MARSQUAKES shook up range of hills in ancient lake bed

Xenogeologists release new map of 'Candor Colles' down low in the Valles Marineris

Candor Colles map

NASA and the US Geological Survey (USGS) reckon they've found evidence of ancient earthquakes on Mars. Or should that be Marsquakes?

The evidence was spotted in the west Candor Chasma, one of the canyons in the Valles Marineris canyon system. The Mars Reconnaissance Orbiter's High Resolution Imaging Science Experiment (HiRISE) has been checking out Candor Chasma, in part because the canyon's bottom looks to be a place where sediments produced by past erosion would be likely to gather.

Now, the USGS says the maps it's made of the region reveal that “... wet sediments experienced seismic shaking, called 'marsquakes,' which were related to movement along several large faults in the area.”

“The shaking caused the sediments to liquefy and formed features called injectite megapipes, which are now a series of low hills throughout the map area”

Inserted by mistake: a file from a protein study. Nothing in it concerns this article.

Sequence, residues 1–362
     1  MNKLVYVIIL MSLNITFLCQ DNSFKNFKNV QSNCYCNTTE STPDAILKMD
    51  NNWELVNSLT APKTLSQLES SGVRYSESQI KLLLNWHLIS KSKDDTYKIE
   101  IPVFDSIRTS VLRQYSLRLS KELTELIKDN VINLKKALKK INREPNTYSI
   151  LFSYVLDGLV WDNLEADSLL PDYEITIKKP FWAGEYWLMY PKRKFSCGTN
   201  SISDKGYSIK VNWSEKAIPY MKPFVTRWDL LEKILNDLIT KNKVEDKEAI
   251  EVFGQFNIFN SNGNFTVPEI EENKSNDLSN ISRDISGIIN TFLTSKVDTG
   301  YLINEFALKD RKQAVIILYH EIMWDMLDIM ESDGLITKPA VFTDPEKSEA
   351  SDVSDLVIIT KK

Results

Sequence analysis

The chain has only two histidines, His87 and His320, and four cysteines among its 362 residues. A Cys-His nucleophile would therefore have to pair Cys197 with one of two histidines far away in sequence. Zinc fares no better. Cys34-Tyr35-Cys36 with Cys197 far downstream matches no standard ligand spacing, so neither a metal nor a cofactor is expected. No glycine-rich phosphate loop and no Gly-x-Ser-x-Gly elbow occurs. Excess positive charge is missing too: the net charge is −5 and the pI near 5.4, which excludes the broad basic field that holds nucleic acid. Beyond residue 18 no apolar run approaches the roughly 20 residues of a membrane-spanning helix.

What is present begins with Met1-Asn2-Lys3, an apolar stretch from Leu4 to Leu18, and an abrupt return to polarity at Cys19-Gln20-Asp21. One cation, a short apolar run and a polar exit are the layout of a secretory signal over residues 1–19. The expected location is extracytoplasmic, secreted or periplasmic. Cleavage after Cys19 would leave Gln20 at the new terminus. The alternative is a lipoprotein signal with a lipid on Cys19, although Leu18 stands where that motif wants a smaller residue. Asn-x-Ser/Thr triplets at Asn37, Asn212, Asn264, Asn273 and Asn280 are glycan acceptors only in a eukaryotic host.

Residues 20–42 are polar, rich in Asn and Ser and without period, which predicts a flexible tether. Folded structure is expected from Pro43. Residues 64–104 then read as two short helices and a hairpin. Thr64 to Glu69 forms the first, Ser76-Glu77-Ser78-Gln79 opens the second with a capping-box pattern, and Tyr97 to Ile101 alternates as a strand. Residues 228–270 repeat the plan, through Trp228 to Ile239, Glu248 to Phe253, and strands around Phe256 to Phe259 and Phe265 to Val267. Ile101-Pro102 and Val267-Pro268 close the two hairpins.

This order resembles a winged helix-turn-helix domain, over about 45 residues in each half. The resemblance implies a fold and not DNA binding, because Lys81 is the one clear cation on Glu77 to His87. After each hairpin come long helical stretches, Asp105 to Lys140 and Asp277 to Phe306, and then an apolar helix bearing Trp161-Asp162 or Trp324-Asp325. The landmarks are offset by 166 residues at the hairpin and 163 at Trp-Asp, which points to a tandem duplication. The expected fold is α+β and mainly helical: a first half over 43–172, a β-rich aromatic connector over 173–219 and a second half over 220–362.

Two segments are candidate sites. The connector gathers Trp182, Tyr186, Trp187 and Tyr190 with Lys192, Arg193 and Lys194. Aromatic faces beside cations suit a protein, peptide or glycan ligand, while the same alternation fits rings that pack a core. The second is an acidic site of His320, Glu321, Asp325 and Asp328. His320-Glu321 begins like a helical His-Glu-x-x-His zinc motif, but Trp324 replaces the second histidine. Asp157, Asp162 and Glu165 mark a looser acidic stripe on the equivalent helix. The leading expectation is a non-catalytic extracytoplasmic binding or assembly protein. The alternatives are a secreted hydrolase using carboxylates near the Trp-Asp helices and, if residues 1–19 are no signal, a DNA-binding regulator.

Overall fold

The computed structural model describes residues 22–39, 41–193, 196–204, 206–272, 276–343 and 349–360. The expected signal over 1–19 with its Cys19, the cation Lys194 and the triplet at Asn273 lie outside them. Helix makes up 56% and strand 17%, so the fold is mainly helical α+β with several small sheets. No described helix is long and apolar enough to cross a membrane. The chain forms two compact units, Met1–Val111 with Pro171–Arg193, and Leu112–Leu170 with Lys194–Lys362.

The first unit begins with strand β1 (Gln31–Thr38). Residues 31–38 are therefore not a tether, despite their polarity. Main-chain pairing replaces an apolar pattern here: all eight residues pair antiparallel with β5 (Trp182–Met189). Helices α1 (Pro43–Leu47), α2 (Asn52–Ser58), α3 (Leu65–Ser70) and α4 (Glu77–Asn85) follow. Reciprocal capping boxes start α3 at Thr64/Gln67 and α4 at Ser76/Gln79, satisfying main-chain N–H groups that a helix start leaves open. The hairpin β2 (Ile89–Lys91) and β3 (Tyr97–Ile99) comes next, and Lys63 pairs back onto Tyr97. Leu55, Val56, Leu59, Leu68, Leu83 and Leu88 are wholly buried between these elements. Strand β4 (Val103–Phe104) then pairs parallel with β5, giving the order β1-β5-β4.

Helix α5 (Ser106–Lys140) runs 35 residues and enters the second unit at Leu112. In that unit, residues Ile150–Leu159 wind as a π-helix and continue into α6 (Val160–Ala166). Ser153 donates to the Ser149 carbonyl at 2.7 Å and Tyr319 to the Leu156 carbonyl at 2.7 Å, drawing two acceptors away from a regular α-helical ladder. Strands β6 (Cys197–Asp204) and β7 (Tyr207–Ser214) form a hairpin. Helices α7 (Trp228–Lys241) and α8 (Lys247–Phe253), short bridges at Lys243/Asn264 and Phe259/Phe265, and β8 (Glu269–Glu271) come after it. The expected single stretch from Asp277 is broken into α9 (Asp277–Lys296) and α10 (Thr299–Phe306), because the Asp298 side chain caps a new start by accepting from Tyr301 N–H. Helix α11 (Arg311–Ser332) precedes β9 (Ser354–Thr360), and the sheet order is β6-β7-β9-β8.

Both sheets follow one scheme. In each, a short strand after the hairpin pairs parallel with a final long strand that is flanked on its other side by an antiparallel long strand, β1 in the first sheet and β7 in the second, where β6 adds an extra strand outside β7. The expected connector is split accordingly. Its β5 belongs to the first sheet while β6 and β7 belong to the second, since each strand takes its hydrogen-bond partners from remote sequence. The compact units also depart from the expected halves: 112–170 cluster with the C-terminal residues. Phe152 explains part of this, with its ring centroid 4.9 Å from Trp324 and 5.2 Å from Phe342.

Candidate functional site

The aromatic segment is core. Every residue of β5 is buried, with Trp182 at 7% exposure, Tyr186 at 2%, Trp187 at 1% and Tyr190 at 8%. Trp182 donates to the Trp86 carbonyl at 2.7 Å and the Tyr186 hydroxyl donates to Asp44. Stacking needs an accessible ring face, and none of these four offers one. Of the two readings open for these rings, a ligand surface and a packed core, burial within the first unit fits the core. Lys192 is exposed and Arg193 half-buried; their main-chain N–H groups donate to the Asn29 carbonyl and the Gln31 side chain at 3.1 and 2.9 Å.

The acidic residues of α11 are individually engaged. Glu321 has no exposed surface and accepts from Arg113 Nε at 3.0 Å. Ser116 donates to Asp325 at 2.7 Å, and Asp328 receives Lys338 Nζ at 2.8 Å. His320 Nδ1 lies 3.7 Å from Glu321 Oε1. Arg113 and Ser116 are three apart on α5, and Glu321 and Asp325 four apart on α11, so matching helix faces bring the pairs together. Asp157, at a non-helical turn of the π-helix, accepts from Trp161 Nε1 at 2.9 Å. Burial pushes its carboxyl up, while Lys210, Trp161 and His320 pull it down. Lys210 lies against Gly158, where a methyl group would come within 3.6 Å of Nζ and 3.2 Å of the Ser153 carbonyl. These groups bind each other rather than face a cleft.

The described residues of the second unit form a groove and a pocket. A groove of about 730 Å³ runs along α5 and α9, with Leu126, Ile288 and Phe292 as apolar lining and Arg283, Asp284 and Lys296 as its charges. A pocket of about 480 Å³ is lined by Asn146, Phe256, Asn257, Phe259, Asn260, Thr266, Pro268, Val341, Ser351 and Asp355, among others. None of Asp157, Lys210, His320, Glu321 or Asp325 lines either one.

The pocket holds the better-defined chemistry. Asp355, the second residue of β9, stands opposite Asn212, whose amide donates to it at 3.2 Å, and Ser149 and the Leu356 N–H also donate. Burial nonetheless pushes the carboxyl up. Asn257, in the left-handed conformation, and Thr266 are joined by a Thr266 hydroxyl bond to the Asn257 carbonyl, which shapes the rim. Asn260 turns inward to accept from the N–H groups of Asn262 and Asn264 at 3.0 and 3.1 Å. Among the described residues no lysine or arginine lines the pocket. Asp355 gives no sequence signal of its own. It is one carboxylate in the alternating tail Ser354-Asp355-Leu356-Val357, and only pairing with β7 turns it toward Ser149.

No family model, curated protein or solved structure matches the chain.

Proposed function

That map (PDF here) is said to be the most detailed yet of Mars, and to be comparable to the maps terrestrial geologists work with.

The Marsquake-made feature of the map is called “the Candor Colles” and Dr. Marjorie Chan,a geology professor at the University of Utah, is excited about them.

“Injectite pipes are observed in analogous sedimentary systems on Earth, such as the Jurassic Entrada Sandstone and Carmel Formation, but on Mars they might be an order of magnitude larger than most terrestrial examples,” she's quoted as saying. “These Mars megapipe features could have been preferential pathways for ancient ground waters.”

NASA and the USGS' new Map of the Candor Colels

NASA and the USGS' new Map of the Candor Colles. Full map here as a PDF or here at a slightly larger size.

That kind of speculation is, as ever, just one element of humanity's study of Mars: it's nice to be able to decipher the red planet's geological history and see if the processes on our own world mirror those of Mars'. It's also nice to get a feel for what we'll see at closer range if we ever make it there.

That's a big if, for lots of reasons. But none more, perhaps, than the declaration by Laszlo Kestay, the USGS Astrogeology Science Center's director, that this new map “... demonstrates how the very high resolution topographic and image data we can obtain from Mars’ orbit enables scientific studies on par with rovers and other spacecraft that land on Mars.” ®

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